How do people manage a double life? Why are some more comfortable with deception than others? How can they carry on two separate lives, as if two separate selves, and not find some core sense of identity compromised?
I was watching a British film in the middle of the night a few weeks back, and the from the dashing male lead is cheating on his lovely companion. Meanwhile, she’s cheating on him. They both lie – with only a modicum of discomfort.
Eventually, he decides to give up his other woman, while she realizes she’s better matched with her “other man.”
And then the confusion really begins, as all four engage in repeated deception over the course of a surprisingly long amount of time.
Even more surprising: There are no rings, there are no children. So why doesn’t one or the other end the relationship that doesn’t seem satisfactory? Why persist on the double life – until someone is finally caught in the act?
Why People Deceive
The adults in this story range in age from late twenties to late thirties. The usual reasons (or excuses) for not playing their relationships straight – inexperience, marriage, kids – do not apply. Instead, there’s missing underwear and sketchy explanations, lost earrings and tall tales. She accuses him; he accuses her. And I repeat: Why don’t they end it?
When there is no marriage, when there are no children, when everyone involved has the financial means to keep a roof over their heads, then why drag through the muck and mire of infidelity?
The reality is this, at the very least: Our feelings of affection, responsibility, and belonging are not necessarily so cut and dry.
There is another movie I saw years ago that never left me. The man loves two women, and they are very different from each other. Even as a viewer or observor of the fictitious pair, it’s hard to imagine which one might be better suited… As if it were that simple, as if loving more than one person at a time were impossible, as if our relationships as we experience them weren’t more gray than black and white.
We can understand the motivation behind secrets and lies when we see paralysis in trying to make a choice, and likewise, the desire not to cause pain. Still, that doesn’t make deception “right,” does it?
When Lies Stop Working
In the first film I mention, eventually the female protagonist says “I can’t do this anymore. I can’t lie to you. I’m moving out.”
The man who loves her is heartbroken, but at least he knows where he stands and she is, finally, honest about what she wants.
But when the man confesses that he also cheated, and he assures her that it was all a mistake, now what? Why the confession? And what does he expect to happen as a result? Was her disclosure the impetus to better understand his own feelings?
Like the woman he lives with, whatever comes, he can no longer live a double life.
Definitely. But then secret lives usually are.
Do We All Lead Secret Lives?
As for secrets and lies, at what point do they become something more?
Apparently, compartmentalizing various aspects of our lives is surprisingly common. According to this article at Psychology Today:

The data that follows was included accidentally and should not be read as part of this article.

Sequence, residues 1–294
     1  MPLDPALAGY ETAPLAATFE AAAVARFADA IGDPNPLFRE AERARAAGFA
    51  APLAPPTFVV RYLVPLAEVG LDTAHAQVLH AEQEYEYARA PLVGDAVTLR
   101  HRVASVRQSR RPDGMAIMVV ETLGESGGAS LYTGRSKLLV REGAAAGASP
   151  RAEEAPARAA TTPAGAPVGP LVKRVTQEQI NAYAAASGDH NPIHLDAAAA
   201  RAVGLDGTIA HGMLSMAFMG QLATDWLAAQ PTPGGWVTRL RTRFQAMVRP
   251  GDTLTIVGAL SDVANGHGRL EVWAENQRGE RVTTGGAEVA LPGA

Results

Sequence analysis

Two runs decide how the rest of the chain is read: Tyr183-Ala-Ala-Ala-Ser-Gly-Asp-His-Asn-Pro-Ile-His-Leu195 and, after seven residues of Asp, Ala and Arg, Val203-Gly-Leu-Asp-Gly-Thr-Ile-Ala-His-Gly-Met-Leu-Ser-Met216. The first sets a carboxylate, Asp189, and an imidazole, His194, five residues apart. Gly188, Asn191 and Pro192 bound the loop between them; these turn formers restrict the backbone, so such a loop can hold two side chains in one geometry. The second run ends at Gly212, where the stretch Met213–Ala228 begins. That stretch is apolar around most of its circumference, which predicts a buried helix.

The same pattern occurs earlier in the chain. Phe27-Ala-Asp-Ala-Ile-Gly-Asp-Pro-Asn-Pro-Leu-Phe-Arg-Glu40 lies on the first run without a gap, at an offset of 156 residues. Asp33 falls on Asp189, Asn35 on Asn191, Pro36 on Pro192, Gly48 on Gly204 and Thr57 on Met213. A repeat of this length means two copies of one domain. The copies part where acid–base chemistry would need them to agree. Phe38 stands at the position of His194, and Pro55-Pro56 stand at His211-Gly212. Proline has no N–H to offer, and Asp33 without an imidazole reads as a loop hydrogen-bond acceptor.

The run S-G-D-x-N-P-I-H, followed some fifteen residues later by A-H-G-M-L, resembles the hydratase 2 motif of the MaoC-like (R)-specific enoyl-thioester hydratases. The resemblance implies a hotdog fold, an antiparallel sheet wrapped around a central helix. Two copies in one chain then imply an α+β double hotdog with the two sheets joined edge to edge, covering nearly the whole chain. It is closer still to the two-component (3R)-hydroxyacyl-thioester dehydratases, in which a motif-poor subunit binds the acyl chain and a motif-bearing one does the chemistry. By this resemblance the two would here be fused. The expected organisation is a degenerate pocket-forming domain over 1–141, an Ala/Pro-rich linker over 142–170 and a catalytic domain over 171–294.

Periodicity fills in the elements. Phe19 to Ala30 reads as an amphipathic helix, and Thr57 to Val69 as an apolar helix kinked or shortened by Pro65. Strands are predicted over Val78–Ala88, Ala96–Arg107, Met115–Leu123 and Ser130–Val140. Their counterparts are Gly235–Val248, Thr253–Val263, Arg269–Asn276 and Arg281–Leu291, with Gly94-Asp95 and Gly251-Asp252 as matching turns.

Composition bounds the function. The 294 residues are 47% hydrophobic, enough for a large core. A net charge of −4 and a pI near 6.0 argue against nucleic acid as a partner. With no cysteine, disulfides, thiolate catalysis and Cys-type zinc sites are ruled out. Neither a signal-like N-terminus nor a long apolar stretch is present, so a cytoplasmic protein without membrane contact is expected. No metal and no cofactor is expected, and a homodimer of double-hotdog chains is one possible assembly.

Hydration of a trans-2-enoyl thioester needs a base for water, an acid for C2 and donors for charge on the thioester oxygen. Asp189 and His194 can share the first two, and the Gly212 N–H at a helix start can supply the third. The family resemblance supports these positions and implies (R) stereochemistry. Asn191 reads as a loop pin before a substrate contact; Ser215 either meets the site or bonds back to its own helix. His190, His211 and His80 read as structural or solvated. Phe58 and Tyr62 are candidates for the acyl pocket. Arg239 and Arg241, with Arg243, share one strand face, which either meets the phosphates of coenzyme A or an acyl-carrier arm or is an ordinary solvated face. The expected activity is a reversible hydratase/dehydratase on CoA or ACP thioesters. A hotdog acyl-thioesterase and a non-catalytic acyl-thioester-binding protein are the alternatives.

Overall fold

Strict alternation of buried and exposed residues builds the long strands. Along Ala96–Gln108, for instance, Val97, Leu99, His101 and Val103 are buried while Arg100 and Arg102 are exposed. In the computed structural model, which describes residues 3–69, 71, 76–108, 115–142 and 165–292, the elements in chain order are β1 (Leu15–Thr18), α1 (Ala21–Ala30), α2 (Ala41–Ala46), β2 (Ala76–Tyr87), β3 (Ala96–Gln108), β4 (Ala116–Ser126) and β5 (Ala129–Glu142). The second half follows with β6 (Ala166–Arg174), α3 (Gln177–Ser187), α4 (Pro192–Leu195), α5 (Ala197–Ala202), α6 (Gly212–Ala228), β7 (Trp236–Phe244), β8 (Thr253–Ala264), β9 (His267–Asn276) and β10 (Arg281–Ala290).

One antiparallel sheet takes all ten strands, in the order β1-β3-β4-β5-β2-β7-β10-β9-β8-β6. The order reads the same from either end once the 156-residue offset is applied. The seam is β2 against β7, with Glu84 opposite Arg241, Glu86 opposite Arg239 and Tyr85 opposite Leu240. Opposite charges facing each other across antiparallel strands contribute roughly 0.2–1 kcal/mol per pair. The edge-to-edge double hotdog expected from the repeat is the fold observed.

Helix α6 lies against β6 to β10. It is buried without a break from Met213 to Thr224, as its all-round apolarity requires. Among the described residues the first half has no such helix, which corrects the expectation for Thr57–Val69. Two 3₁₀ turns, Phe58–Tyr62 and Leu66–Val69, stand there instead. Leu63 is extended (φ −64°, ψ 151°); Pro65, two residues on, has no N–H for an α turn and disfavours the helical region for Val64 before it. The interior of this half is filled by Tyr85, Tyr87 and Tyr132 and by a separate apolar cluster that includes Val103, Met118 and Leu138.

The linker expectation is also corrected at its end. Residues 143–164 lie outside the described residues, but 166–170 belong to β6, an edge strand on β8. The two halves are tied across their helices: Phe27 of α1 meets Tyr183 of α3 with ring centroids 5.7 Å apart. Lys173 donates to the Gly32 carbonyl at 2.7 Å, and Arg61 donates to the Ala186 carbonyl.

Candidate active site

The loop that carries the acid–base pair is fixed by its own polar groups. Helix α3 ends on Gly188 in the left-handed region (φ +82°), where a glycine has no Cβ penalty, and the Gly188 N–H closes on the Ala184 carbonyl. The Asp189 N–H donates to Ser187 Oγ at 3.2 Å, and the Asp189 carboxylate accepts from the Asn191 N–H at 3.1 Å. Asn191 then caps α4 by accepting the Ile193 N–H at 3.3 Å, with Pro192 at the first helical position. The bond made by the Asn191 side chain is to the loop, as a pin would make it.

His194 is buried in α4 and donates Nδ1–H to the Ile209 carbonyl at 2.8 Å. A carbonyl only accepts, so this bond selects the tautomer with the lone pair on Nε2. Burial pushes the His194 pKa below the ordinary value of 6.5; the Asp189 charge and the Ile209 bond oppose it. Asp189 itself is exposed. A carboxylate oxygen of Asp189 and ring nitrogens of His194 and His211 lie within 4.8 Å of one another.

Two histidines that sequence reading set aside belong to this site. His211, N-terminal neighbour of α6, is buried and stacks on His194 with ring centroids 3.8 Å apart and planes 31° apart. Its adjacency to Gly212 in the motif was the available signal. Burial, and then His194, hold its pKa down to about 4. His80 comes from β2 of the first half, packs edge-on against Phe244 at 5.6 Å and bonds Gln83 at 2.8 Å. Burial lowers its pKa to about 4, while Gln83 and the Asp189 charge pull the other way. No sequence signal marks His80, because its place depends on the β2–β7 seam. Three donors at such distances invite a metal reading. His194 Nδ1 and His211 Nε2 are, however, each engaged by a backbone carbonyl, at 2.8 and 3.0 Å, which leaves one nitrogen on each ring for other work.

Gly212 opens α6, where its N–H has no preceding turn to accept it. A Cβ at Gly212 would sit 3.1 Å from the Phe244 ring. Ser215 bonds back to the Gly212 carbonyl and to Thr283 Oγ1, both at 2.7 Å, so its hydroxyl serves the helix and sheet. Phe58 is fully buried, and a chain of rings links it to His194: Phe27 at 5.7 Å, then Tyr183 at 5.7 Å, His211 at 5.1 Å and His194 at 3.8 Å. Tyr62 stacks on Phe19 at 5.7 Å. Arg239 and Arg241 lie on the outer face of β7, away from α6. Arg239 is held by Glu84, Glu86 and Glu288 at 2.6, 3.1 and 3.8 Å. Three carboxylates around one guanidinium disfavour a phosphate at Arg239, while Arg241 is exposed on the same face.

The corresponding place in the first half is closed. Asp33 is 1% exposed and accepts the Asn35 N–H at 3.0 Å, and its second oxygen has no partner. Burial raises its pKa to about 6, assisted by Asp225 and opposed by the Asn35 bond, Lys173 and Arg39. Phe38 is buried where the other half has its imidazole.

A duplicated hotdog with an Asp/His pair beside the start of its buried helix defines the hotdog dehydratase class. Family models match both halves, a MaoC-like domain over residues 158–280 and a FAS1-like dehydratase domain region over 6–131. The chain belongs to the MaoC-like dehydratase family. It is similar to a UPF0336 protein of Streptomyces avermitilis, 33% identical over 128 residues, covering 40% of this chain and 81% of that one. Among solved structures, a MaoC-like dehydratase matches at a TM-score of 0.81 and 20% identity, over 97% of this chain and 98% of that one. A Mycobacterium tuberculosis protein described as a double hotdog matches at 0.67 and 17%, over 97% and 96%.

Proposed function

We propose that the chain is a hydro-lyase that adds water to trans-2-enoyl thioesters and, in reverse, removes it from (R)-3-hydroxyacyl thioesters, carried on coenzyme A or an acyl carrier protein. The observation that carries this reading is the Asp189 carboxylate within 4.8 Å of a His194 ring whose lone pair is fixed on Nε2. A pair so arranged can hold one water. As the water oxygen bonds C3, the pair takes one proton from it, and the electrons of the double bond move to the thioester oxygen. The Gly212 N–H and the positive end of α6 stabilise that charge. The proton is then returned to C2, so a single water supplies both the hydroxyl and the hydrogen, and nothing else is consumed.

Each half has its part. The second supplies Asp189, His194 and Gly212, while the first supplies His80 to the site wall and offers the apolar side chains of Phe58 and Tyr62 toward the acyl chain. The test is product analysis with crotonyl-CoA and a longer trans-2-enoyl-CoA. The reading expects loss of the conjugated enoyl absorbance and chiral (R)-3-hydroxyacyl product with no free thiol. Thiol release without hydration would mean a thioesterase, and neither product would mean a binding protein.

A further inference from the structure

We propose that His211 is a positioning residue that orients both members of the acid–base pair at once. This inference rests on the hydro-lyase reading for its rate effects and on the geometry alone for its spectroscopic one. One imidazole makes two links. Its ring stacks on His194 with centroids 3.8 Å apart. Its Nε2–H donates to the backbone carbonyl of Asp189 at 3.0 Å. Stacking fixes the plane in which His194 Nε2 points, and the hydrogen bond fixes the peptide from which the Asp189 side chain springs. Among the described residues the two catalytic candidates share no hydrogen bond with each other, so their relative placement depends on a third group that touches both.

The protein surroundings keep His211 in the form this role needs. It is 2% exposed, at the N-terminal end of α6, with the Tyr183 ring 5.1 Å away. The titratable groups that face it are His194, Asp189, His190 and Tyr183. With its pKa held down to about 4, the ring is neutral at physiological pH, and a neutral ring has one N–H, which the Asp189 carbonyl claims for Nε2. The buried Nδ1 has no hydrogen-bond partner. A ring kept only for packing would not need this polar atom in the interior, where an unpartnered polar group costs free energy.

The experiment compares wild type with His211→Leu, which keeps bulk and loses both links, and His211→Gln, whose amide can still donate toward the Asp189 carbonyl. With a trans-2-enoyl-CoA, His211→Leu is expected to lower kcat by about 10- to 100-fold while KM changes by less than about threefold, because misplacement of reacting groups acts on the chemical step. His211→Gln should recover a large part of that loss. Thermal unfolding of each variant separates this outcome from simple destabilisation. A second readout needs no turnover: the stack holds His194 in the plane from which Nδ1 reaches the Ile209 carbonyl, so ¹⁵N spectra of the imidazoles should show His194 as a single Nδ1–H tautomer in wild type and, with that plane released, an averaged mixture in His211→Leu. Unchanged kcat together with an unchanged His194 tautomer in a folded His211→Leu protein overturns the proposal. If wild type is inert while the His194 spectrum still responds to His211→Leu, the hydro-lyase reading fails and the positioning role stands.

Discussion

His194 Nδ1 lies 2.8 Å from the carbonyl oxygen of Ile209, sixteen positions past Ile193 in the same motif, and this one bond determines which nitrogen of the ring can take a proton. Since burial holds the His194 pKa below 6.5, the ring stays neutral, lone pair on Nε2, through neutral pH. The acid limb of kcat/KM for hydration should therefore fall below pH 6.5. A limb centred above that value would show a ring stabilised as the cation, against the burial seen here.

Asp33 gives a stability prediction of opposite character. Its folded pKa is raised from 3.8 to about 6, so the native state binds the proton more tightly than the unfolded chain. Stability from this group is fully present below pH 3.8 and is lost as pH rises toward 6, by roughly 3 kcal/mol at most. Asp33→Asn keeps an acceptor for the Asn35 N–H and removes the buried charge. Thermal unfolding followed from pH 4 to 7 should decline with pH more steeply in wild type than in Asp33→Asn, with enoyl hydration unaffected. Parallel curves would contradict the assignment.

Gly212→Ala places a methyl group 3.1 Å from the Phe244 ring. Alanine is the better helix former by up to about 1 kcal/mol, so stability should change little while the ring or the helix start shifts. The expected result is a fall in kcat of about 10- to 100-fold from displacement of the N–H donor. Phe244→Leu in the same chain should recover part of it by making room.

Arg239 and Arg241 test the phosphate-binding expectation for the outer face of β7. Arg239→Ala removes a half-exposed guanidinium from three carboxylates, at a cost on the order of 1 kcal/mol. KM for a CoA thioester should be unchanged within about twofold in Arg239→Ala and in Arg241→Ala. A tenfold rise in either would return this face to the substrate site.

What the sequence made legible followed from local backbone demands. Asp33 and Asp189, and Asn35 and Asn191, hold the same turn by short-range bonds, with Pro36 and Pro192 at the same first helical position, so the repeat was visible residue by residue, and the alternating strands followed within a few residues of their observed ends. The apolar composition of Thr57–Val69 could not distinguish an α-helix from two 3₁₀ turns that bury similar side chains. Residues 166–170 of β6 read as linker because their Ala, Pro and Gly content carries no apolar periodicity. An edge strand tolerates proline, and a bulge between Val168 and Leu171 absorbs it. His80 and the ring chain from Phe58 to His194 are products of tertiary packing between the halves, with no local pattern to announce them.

There are so many secret lives; some healthier than others. A secret addiction to overeating hurts, but it is a benign secret… Some men who are unhappy in their marriage have affairs or frequent prostitutes. Some women who are unhappy with their weight live private bulimic lives… Still others live secret lives on the Internet by stalking former lovers…
Naturally, we could contrast those that harm themselves from those that harm others. And the nature of that harm – including the degree of trust that is violated – will lead us to judge more harshly or be more inclined to forgive. But shouldn’t we make a distinction between secrecy and privacy? Don’t we keep some things to ourselves, rather than keeping them from others in our lives?
As for deception, which is another matter, are we to understand that there can be benign deception and malignant deception? Is that an absolute or a matter of degree?
Affairs of the Heart
As for the affair of the heart (or the emotional affair), how simply they may begin. We are, after all, human – with good days and bad days, and not immune to the charms of others, especially when we’re feeling vulnerable. So banter becomes flirtation and flirtation becomes a spark to self-esteem in an otherwise disappointing everyday life.
And secrets take root.
It’s easier still when logistics encourage separation and offer opportunities that might be difficult to pass up. In relationships where one or both travel, isn’t this a temptation, however innocent it seems at the start? And do we really know what’s going on 500 miles away three nights a week? Then again, we don’t necessarily know what’s going on 5 miles away for thirty minutes. It’s about trust, isn’t it?
In another film I saw only last week, 2009’s “Up in the Air” with George Clooney, I was caught off guard when his love interest turns out to be something other than what we expect. She has a secret. And we can see and feel the breakage inside of him when he finds out, and as he tries to understand. Spoiler alert: He is unprepared for what he confronts. He turns out to be her double life.
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